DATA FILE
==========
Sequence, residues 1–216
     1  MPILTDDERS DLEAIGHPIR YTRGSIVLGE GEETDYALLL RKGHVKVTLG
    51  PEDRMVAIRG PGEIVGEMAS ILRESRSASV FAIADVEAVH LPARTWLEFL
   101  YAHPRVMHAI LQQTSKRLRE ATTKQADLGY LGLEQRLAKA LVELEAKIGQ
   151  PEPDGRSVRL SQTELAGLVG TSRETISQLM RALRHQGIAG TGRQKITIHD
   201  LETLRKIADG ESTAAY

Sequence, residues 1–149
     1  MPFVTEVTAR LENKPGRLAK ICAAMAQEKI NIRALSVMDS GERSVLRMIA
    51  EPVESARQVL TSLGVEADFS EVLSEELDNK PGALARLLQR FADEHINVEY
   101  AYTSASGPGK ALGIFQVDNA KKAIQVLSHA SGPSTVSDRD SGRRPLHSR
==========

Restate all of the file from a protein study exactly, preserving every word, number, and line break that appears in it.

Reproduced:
Sequence, residues 1–216
     1  MPILTDDERS DLEAIGHPIR YTRGSIVLGE GEETDYALLL RKGHVKVTLG
    51  PEDRMVAIRG PGEIVGEMAS ILRESRSASV FAIADVEAVH LPARTWLEFL
   101  YAHPRVMHAI LQQTSKRLRE ATTKQADLGY LGLEQRLAKA LVELEAKIGQ
   151  PEPDGRSVRL SQTELAGLVG TSRETISQLM RALRHQGIAG TGRQKITIHD
   201  LETLRKIADG ESTAAY

Sequence, residues 1–149
     1  MPFVTEVTAR LENKPGRLAK ICAAMAQEKI NIRALSVMDS GERSVLRMIA
    51  EPVESARQVL TSLGVEADFS EVLSEELDNK PGALARLLQR FADEHINVEY
   101  AYTSASGPGK ALGIFQVDNA KKAIQVLSHA SGPSTVSDRD SGRRPLHSR